I wanted to get back into the swing of things. Sometimes I berate myself for not blogging consistently enough. (I’ve never held and illusions that my blog will, as they some did in the 90s, and even still today–attract a manifold readership and lead to a book deal, soon after followed by a movie deal and even greater pressure to blog more regularly). I even have a reminder to “Blog More” on my iPhone Lift app–a goal-setting app that, let’s face it, I don’t really utilize as effectively as I could, but it does keep me accountable when it comes to a few things…
When you have an app on your smartphone to help remind you of your goals, and one of them is to, ostensibly, “work” (aka, blog more), maybe it’s time for you to take a step back. Which is when I started asking myself, “Why do I need to be held accountable when it comes to blogging more regularly?” and, “Who am I accountable to?” The answers, I’ve found, are as follows: Because I arbitrarily decided that it’s something I should do, and, Me.
Where I should go with that bit of knowledge is, I’ll admit, something I don’t feel like tackling right now, mostly because, it’s been a busy year-and-seven-months (since my original March 2013 post about 40 Things in 2013) and it’s not highest on my list of priorities. In the past year and a half-plus:
– I organized and ran a poetry festival, nearly alone (thank you, thank you, to those dedicated friends, family and volunteers who helped me in the ways you could. You know who you are)
– my mother and father were both hospitalized twice (mom: broken shoulder, kidney stones/blood clot; dad: medically-induced coma after contracting H1N1, various health issues coming out of previous illness, implications of which are still being felt)
– I moved in with my boyfriend, subsequently got engaged and will be wed in Spring 2015
– which brings me to planning a wedding
– crashed my beloved car, replaced it with something that I don’t love nearly as much. No one was injured, thank goodness
– lost three beloved family members. On my mother’s side: my cousin in an unforeseen tragedy, and my uncle to a viscous cancer. On my father’s side: another uncle
– gave up The People’s Poetry Festival, which was simultaneously more and less painful than I was expecting, and has resulted in a bit of a hole–in my time, my life, my projects–I’ve not yet figured out how to fill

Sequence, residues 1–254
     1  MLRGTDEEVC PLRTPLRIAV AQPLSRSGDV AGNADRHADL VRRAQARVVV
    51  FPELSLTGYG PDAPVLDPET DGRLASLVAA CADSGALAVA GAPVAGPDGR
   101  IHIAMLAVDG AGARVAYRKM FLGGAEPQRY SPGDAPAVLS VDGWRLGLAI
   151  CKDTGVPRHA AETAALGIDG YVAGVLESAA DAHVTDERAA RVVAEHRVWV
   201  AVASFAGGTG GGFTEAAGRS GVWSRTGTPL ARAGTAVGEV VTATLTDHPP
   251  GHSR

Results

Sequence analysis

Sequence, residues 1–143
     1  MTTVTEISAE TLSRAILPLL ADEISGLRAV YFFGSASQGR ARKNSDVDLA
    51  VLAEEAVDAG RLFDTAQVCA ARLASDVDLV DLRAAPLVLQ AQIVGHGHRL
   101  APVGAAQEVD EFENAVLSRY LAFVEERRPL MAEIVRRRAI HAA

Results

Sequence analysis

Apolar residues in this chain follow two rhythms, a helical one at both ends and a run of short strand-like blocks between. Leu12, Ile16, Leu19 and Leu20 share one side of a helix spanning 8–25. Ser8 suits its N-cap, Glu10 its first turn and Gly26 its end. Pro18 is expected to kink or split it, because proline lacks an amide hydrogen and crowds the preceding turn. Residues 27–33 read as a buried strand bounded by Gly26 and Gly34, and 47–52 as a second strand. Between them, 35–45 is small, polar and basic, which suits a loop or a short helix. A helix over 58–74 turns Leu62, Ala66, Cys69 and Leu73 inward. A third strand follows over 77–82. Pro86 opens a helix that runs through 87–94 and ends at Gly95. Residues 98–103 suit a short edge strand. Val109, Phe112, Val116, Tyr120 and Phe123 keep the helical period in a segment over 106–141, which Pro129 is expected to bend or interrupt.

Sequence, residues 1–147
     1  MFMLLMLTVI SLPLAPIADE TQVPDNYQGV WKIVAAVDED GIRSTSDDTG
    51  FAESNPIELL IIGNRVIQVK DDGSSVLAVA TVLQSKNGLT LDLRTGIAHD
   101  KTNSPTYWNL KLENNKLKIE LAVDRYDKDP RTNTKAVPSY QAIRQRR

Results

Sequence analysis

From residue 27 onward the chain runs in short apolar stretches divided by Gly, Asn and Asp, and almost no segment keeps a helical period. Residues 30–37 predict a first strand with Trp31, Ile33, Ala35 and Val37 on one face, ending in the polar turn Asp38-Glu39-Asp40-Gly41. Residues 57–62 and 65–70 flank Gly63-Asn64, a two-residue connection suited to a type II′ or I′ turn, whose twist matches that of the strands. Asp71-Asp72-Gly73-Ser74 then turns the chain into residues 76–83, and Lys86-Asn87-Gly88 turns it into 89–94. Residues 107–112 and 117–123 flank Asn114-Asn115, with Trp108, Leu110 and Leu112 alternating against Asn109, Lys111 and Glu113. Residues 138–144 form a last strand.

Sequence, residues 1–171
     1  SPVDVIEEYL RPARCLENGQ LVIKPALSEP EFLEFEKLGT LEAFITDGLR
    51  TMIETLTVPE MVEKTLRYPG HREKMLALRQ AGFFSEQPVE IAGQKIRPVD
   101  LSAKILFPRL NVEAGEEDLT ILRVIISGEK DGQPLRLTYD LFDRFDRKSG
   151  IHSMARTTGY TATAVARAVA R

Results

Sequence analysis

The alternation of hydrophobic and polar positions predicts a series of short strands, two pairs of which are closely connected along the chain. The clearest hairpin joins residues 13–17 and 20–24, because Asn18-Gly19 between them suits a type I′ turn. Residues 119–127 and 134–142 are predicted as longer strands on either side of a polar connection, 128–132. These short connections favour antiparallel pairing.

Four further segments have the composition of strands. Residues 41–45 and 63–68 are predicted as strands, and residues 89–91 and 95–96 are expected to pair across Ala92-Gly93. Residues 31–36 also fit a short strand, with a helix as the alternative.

– watched several friends and loved ones suffer significant, deep losses
There have, of course, been some great joys, amongst them the aforementioned engagement and coming wedding. In addition:
– I was Maid of Honor at a dear friend’s wedding
– two good friends were also engaged and will marry one another next fall
– one of my closest friend’s, and her darling husband, welcomed their first, beautiful child
– I got to lend a hand and hand out with some awesome people for Calgary’s third annual Mini Maker Faire, as well as Calgary Reads and WordFest
– my soon-to-be in-law family is beautiful, loving and welcoming, and I’m blessed because not everyone gets two wonderful families
– I started blogging for Huffington Post Alberta, and my first venture into writing about politics was much, much, much better received than I could have expected
– my best friends (even many of those from 10 years ago) are still my best friends, even when they don’t live here and we don’t see/talk with each other often
– I’ve recently been asked to host a creative expression/poetry writing workshop for Elizabeth Fry Society. That’s an honor I never expected to receive
– I finally have winter tires
So have I completed my 40 Things in 2013? Absolutely not, though a quick glance at the list shows that I’ve completed more than I first thought. With lists like the above, I’ve been finding new ways to actively be less engaged in all of the things going on around me. For starters, I say no now. Not to everything, but more often than usual. To things I would otherwise really, really like to attend/do but shouldn’t because, I don’t know, I should sleep or read a book or sew a stupid-looking rabbit. Simple things that have less-than-simple results.
While I was running around doing All Of The Things, people would tell me it was a choice to just scale back, to take on less, to say No more. But it didn’t seem like a choice. Not when I had myself convinced that I could and should take on everything I wanted, and even some things I didn’t want to. Now, with hindsight being 20-20 and all, I look back and wonder, In the midst of everything I was doing in 2013, why the hell did I think reading Shakespeare’s Histories was a priority? Don’t get me wrong, I think it’s great to prioritize great literature, to make time for Shakespeare. And while I didn’t read the Histories in 2013, won’t read them in 2014 nor likely in 2015 or 2016, I will read them. Someday. And right now, that’s good enough for me.